A lighthearted memoir that recounts the author's childhood in India and touches upon his experiences living as an immigrant in England and the U.S.
As the title suggests, Banerjea highlights the good things he had in life rather than the hardships–little things, such as his favorite foods, learning to fly a kite, making new friends and visiting relatives. Indeed, the author tends to glaze over difficult issues, such as the volatile political situation during the independence movement in India and the subsequent partition. Banerjea focuses on family–such as his courageous, proud grandmother, who broke free from long-standing social mores regarding the lowly status of widows–and lazy, hot afternoons spent with friends, important pujas (religious rituals), long lost classmates and old colleagues. Interspersed between these tales, he chronicles, in almost anthropological detail, his initial experiences as a member of the Diaspora–finding a job, making new friends, developing a sense of community. Instead of concentrating on his overwhelming loneliness or his experiences with racism, he discusses social functions and going sailing. Despite the grammatical errors and clunky language, the narrative rides easily along on the strength of Banerjea’s simple yet poignant remembrances.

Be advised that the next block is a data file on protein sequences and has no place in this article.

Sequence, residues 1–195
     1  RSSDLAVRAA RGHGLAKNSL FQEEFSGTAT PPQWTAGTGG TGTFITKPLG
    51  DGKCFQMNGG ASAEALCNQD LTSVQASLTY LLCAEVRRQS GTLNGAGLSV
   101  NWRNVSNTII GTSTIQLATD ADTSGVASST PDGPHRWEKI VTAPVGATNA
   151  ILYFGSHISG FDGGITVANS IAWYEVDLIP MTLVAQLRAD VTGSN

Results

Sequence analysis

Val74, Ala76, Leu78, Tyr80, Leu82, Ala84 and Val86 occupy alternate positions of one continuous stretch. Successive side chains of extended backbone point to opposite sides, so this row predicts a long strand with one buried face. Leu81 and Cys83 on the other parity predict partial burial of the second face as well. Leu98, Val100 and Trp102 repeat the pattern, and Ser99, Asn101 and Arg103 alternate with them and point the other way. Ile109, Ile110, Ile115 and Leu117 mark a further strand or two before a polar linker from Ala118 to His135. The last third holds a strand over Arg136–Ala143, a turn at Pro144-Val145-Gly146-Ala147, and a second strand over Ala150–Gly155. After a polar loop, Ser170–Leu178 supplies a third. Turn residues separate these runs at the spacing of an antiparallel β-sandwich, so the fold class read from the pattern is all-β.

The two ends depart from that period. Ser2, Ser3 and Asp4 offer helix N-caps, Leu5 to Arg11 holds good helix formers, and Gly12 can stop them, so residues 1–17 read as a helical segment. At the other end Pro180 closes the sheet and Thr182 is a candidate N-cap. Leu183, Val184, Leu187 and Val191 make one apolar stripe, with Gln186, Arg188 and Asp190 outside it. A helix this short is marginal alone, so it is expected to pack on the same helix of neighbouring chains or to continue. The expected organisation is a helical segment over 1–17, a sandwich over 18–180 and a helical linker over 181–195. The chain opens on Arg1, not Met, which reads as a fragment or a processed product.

Repetition and superficiality aside, a pleasant read. Each tale flows from one into the next, much like the days of which he writes.